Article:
Couple days later, the same thing happened, this time a different friend who I had told about my mission was on my right. He folded, I got aces, and I forgot to flash and fold. (The board came K-J-x, 10, x, and I lost to a straight. Make that 1002.)
Days later, driving home through the Mojave Desert, I got to thinking about this whole folding aces thing. Maybe it would be best if I kept it a private matter. Maybe I should do it, to see if I could, and then not tell anyone, to see if I could do that too. It’d be the worst play, and the best secret, all in one. And besides, who would believe such a tale? I mean, besides my buddy Alex.
And why is this simple task so daunting? Is it the monetary sacrifice? Apparently not. I could give away a hundred bucks, or set fire to it, without much effort or pain. But folding pocket aces before the flop, at any limit, even $3/6, would be far more difficult. So it wasn’t the money; it was something else holding me back. Perhaps the anticipation of engaging the enemy while holding the best possible weapon is too much for a good warrior to relinquish, under any circumstances.
A few days later, on May 19, I went to Lucky Chances at 4:00 AM to play $20/40. The game was shorthanded and fast. I got pocket aces. Just as my raise hit the table, I thought, damn, there goes another shot at the Holy Grail. Next time I get ’em, I’m gonna muck. I think I can do it. I just have to stop and remember. (I lost that hand to a flopped flush.)
Four hours later the game was full and I was stuck $800. I got pocket aces again, and I forgot to fold, again. An ace flopped and I folded on the river when a four-straight came and it was two bets to me.
Only because of the quest was I aware that I had lost with pocket aces four consecutive times in two states. Could it be that I must fold AA before the flop before I can ever win with them again? I was feeling pressure of the oddest sort, like I had to get this over with, like an impending coming-of-age torture.
Four hours later I was stuck $1600 with my last $400 on the table. The game was loud and reckless, every pot swollen. I was quiet, and snug, waiting for a hand, waiting for a flop. My last money would not go in wrong.
The first player folded. The second player folded. I was next. I looked at my cards. And there they were. One red and one black.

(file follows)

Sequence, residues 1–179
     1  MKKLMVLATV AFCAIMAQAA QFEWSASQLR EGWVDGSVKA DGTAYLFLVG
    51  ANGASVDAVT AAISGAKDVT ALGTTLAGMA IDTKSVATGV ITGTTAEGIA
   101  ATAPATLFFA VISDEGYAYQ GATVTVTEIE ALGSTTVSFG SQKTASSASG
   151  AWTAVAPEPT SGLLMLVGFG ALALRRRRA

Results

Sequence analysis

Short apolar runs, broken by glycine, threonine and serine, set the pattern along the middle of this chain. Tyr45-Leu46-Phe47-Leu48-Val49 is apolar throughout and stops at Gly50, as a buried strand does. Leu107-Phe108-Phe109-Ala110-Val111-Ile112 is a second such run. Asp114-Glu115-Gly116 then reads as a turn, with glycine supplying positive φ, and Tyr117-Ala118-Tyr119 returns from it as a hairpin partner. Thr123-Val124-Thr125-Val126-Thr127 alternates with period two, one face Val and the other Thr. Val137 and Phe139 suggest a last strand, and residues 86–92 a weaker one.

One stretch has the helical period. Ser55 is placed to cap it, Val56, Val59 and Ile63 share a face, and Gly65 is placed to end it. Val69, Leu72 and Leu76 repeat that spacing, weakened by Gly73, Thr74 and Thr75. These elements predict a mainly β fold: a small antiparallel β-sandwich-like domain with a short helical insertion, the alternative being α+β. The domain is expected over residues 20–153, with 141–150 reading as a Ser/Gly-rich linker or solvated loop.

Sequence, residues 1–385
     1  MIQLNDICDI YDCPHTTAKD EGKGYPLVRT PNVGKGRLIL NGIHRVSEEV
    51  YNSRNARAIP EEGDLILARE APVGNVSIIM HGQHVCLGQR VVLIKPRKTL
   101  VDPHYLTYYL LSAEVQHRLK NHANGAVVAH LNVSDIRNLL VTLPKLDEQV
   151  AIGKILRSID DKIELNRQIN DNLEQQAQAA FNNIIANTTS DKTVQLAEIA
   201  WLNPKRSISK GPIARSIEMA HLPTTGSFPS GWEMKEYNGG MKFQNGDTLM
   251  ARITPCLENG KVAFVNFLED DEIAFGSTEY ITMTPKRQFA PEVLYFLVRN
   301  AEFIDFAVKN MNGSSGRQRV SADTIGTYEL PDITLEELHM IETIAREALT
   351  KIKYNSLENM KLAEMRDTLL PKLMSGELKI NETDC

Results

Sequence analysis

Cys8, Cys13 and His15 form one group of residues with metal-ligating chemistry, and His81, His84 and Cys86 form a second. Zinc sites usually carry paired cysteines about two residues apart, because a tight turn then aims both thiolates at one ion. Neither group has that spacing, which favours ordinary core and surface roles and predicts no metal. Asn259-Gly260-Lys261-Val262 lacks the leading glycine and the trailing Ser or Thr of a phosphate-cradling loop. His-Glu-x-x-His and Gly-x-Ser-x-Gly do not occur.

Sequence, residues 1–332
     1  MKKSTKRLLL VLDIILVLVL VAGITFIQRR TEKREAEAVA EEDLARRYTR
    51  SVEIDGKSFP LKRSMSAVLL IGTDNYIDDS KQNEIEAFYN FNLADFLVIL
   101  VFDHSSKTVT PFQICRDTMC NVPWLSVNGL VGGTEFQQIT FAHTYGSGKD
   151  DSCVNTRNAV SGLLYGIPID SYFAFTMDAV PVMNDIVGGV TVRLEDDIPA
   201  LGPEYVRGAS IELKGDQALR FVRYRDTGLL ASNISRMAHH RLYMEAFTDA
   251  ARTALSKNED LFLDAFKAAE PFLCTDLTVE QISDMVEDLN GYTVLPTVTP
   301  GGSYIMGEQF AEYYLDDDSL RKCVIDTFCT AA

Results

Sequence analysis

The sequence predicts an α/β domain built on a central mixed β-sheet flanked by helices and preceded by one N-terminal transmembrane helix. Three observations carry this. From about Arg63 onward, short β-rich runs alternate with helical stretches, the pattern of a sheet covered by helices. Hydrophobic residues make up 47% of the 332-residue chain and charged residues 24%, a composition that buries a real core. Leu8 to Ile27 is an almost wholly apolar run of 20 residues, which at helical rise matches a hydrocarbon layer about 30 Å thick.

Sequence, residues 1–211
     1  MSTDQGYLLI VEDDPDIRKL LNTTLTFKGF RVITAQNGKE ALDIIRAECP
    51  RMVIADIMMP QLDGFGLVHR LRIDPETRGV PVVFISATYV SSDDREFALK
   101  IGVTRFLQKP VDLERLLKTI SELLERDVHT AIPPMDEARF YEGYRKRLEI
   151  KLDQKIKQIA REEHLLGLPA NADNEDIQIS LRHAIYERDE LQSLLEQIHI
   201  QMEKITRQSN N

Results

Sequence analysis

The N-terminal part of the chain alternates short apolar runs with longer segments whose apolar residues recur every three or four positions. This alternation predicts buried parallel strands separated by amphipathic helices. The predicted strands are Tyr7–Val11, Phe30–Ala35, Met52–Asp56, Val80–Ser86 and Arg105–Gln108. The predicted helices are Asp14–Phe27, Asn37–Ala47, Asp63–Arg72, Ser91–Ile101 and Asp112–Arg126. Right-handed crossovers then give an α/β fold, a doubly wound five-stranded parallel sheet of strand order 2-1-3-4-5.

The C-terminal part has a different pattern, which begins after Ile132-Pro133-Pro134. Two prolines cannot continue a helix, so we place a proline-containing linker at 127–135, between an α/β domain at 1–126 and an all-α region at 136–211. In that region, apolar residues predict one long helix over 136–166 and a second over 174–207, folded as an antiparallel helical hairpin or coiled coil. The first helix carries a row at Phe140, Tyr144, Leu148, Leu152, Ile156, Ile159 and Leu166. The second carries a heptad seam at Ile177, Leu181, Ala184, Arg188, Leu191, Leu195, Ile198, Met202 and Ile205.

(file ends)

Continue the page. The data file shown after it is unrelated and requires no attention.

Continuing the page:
Time conveniently stopped so that I might have a little chat with my selfs.
What are you waiting for? Do it!
I can’t. I’m stuck too much.
I can’t. I just can’t. I never could. I know that now.
D O I T ! !
I did it.
I mucked those aces and I felt a surge of confidence and power. I bolted from my chair and over to the no-limit game, where Alex was.
I whisper-screamed in his ear. “Alex! I finally did it! Just now! Like we talked about! I folded aces before the flop!”
Alex is all about results. He asked, “Would you have won the pot?”
What a question. Like I cared! I went back to the $20/40 game and sat down and hid behind my cap bill because I was afraid to look anyone in the face because I was very much aware that the chemistry in my brain had been recently and drastically altered by a recent and drastic event, and that the ends of my mouth were reaching for my ears. I couldn’t make the grinning stop, even if I wanted to, which I didn’t.
Eventually I regained sufficient control of my face so that I could speak. I started babbling, as if I had won back to back pots. I was up out of my chair ten times in the next hour after not moving for two. A few hours later, I got even, the game got tight, and I got in my car, still high.
It took two days for the buzz to wear off. And it did. Completely. It’s now one month and a dozen pocket aces later, and I can report the events of May 19 at noon at table 41 in seat nine had no lasting effect. It’s not any easier for me to fold when I should. Nothing is different, except that now, when I lift the corners and see two aces, it’s like a wink from an old friend, and I have to fight off a grin.